April 6th, 2010
It is possible that I’m running out of ways to discuss the quiet confidence of The Good Wife, which has become one of network television’s most consistently entertaining drama series, but let me run this one by you.
“Doubt” is in many ways a concept episode: it takes us into the jury room to witness the post-trial deliberations of 12 men and women, then weaves its way back through the case in a vaguely chronological order that has us guessing at certain bits and pieces of information before they truly arrive.
However, maybe it’s just me, but it didn’t feel like a concept episode. This is not a show defined by its bells and whistles, neither within its premise (which focuses solely on character) or in its general approach to legal proceedings (where each case is handled separately). The show doesn’t do anything to call attention to an “extra-special episode,” but rather drops us into the jury room just as they dropped us into the clerks creating an impromptu court room a few episodes ago.
By balancing the novelty of this shift in format with an episode that relies just as much on serialized character development as it does on the narrative structure, “Doubt” continues a fairly lengthy streak of episodes that demonstrate the sheer potential in this series and its cast.
July 12th, 2009
This review is going to be hugely hypocritical for anyone who’s followed my…less than friendly relationship with Entourage.
See, I’ve always been of the mind that the show is at its best when it engages with its dramatic elements, and taps into something beyond “four bros hanging out.” It’s not a particularly popular opinion, as nearly everyone seems to disagree with me and lists their main reason for watching the show as “four bros hanging out,” but it’s the way the show works for me. And last season, I just kept getting more and more frustrated: the show had numerous opportunities to really engage with some real disruptions to Vince and E’s relationship, and to shake things up a little bit, and yet they refused to take them, leaving the dynamic intact as Vince’s career skyrockets.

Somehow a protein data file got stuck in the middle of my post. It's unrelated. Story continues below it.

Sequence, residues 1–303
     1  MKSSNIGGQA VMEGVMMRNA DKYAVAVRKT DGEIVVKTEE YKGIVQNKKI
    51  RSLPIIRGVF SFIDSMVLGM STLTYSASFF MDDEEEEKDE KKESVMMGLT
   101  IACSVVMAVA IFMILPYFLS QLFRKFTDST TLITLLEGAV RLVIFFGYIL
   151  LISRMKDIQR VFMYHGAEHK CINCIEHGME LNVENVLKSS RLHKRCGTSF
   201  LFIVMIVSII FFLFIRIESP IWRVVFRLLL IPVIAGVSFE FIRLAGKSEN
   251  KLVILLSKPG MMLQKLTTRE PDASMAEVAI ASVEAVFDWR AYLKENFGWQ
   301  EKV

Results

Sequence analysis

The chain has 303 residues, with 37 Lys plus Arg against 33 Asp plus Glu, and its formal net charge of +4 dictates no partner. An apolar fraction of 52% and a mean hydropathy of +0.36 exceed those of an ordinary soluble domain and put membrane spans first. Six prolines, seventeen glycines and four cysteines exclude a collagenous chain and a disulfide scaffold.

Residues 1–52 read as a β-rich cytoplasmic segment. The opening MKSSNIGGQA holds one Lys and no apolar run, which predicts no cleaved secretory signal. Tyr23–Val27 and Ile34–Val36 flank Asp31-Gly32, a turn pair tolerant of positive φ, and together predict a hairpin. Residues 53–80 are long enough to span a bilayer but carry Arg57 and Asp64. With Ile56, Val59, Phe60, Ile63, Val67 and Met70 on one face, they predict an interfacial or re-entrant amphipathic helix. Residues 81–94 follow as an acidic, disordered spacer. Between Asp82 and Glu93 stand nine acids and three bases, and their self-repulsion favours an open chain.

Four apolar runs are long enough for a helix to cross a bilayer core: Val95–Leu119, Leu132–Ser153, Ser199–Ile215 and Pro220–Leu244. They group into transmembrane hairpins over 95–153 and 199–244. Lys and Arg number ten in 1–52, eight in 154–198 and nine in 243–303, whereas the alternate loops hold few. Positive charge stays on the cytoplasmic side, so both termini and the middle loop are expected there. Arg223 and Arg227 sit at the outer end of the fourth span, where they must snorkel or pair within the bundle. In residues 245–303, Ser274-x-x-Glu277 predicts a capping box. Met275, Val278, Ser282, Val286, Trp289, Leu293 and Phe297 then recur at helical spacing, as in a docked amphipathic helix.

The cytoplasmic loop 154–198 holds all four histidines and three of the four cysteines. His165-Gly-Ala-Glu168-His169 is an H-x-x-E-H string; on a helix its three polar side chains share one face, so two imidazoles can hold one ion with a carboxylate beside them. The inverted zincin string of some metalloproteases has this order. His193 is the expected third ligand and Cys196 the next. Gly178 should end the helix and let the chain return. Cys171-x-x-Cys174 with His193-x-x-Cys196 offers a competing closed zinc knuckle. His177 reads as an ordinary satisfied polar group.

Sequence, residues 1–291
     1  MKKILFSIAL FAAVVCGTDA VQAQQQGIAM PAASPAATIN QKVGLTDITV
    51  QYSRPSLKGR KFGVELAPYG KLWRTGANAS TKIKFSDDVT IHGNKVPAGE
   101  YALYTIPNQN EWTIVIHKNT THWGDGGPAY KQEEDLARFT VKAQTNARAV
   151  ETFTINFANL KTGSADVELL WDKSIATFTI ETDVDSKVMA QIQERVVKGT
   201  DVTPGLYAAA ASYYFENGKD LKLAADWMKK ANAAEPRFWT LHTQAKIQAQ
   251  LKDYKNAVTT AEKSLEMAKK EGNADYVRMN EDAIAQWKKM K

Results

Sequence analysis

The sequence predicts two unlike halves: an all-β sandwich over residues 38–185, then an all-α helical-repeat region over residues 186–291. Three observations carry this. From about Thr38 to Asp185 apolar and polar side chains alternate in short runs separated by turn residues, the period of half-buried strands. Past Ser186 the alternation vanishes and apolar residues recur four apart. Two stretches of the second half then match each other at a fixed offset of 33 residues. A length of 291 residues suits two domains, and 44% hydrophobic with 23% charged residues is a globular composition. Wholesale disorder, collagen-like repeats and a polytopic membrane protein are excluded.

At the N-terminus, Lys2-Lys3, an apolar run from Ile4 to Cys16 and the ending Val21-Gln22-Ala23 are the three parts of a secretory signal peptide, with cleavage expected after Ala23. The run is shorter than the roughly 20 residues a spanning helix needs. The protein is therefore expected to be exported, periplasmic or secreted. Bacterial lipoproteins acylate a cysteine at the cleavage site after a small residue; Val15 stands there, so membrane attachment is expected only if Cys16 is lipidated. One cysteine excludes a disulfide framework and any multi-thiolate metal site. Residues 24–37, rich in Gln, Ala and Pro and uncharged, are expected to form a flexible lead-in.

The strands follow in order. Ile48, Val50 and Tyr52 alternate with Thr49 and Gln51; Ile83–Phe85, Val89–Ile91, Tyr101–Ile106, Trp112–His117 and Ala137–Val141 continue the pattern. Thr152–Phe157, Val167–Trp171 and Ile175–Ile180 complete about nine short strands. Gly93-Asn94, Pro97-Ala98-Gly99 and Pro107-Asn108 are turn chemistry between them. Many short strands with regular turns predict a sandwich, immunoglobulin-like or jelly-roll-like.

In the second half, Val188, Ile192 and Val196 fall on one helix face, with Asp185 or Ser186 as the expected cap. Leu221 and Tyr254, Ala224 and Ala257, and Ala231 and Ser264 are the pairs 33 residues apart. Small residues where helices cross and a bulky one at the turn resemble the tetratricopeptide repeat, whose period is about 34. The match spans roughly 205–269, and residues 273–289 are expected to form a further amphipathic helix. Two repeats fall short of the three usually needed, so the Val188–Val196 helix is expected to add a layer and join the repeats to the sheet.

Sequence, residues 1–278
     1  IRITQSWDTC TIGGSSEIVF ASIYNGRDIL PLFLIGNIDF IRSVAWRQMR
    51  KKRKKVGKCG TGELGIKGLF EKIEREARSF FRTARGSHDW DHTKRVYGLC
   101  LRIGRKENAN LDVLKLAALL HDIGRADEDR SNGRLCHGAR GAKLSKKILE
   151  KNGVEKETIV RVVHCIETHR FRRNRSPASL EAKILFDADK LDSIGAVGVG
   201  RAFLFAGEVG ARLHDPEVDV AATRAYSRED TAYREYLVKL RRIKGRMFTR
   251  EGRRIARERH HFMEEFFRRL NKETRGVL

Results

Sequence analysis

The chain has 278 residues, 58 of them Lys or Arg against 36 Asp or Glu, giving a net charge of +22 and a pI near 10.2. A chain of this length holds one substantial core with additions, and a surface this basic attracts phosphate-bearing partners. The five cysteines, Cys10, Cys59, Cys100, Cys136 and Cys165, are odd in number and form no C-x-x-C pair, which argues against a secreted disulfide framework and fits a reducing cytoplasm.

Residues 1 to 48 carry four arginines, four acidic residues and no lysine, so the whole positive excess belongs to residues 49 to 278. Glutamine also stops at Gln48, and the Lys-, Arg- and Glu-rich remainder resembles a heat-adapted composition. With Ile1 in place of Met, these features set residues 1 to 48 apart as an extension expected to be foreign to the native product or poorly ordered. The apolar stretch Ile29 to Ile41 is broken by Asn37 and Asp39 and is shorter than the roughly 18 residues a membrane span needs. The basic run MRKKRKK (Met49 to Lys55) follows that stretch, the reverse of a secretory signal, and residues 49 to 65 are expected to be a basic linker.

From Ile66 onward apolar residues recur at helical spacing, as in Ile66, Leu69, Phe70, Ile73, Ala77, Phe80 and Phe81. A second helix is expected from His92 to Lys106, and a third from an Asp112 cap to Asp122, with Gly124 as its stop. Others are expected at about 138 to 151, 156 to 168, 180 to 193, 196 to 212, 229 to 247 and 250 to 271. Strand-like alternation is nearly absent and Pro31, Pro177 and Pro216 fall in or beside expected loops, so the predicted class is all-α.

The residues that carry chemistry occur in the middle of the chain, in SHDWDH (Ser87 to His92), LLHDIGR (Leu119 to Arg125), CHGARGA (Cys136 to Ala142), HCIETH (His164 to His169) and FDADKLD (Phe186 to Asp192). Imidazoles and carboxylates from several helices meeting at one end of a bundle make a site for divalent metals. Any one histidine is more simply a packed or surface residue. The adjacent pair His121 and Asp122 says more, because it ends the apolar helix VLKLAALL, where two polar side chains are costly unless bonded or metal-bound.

So, on that criteria, I should have been really happy with “Drive,” which returns to the narrative with Vince riding a wave of Gatsby-related success but drifting apart from E, who is becoming successful in his own right and beginning to see the benefit of being more independent. The result is actually a really subtle statement about maturity, coupled with a couple of periphery storylines and a distinct lack of highly manufactured drama. Really, the episode should have been everything I should like in a half hour of Entourage: a little sex, a little drama, and more pathos than 99% of the show’s normal viewers like to see.
But, for a variety of reasons, I found this episode to be shockingly pedestrian in a way that baffles me. There was no zing to the one-liners, no bite to Ari Gold, and a distinct lack of any sort of dynamic between the signature foursome. While I’m actually kind of intrigued to see where they go from here, this half hour is the exact opposite of any of my past experiences: while before I found the plot lacking but enjoyed the show’s broad comedy for what it was, here I found absolutely nothing funny or clever to the point where even a storyline I should have liked did nothing for me.
Call me a hypocrite all you want, but this “Drive” never got out of first gear.